On December 7, 2022, President Biden signed the “Speak Out Act,” which makes non-disclosure or non-disparagement agreements signed before a dispute arose unenforceable in certain contexts with respect to claims of sexual assault or sexual harassment. The Speak Out Act received unanimous support in the Senate, and bipartisan support in the House of Representatives. In a press briefing the White House explained, “The Speak Out Act creates a critical national standard, empowering survivors by prohibiting the enforcement of pre-dispute nondisclosure agreements—those are NDAs—and non-disparagement clauses in cases of workplace sexual assault or harassment.”
Our memorandum on related legislation that prohibits mandatory arbitration of sexual assault and sexual harassment claims, which was passed earlier this year, is available here.
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In the context of a “sexual assault dispute” or “sexual harassment dispute,” the Speak Out Act prohibits judicial enforcement of any “non-disclosure or non-disparagement clause agreed to before the dispute arises,” so long as the conduct “is alleged to have violated Federal, Tribal, or State law.” Significantly, the Act does not apply to non-disclosure or non-disparagement agreements entered into after a dispute has arisen, for example, in the context of post-dispute separation or settlement agreements. Moreover, nothing in the act “prohibit[s] an employer and an employee from protecting trade secrets or proprietary information.” The Act does not provide for other penalties beyond non-enforcement.
Under the law, a “non-disclosure clause” is broadly defined as “a provision in a contract or agreement that requires the parties to the contract or agreement not to disclose or discuss conduct, the existence of a settlement involving conduct, or information covered by the terms and conditions of the contract or agreement.” A “non-disparagement clause” is defined as a “a provision in a contract or agreement that requires 1 or more parties to the contract or agreement not to make a negative statement about another party that relates to the contract, agreement, claim, or case.”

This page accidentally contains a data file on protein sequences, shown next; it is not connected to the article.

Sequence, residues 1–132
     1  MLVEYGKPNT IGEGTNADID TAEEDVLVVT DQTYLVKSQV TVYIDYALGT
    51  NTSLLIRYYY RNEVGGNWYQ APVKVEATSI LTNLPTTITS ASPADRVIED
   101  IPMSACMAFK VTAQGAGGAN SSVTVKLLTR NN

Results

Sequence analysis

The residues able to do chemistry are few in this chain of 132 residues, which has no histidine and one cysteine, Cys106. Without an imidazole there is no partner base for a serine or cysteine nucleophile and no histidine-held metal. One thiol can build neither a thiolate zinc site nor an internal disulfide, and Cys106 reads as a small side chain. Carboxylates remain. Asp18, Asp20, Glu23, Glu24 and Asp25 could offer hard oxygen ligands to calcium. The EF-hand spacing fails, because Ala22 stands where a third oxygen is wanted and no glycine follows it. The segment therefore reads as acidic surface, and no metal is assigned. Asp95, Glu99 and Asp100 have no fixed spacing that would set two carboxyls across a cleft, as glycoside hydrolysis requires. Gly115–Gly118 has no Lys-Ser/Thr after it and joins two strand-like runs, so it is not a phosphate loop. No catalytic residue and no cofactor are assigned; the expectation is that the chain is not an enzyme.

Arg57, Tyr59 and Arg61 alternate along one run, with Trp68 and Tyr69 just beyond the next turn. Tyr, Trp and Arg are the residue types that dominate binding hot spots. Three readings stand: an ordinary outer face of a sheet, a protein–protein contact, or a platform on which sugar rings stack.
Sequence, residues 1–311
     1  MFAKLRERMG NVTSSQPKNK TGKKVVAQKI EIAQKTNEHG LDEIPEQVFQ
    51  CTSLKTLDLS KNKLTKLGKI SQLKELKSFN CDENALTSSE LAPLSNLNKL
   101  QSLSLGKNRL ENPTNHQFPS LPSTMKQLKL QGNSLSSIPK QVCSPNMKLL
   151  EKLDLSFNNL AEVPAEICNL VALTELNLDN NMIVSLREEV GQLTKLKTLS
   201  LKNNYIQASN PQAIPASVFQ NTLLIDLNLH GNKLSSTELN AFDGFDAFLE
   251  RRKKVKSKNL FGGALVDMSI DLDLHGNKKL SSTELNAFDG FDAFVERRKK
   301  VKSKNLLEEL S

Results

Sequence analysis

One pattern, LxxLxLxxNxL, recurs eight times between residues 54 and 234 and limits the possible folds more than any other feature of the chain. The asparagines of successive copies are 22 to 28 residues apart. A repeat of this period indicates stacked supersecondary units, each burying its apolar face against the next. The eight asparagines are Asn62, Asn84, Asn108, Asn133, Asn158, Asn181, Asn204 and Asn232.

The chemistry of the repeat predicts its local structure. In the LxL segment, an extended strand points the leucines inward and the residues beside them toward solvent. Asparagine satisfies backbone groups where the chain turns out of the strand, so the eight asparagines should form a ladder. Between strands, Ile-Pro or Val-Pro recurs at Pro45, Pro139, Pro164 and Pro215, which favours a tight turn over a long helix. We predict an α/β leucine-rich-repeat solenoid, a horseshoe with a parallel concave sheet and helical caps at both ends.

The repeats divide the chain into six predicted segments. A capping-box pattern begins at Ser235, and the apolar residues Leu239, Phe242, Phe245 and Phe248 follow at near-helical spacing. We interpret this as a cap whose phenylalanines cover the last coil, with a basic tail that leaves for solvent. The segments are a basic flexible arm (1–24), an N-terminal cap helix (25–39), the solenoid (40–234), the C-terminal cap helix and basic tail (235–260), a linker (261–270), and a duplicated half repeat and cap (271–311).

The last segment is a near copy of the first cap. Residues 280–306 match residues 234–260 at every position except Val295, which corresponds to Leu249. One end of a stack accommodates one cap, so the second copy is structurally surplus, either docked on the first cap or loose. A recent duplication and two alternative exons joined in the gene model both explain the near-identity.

Although the Act applies to pre-existing agreements, the Act only applies to claims arising after its effective date of December 7, 2022.
While the scope of the Speak Out Act is limited, employers should consider whether to exclude sexual harassment and sexual assault claims from confidentiality, non-disparagement, and non-disclosure provisions of employment agreements. In doing so, employers should be mindful that certain states have enacted prohibitions that are broader than the Speak Out Act. The Act does not affect such state law statutes to the extent they are “at least as protective of the right of an individual to speak freely.” Our memoranda discussing related laws in California and New York are available here and here.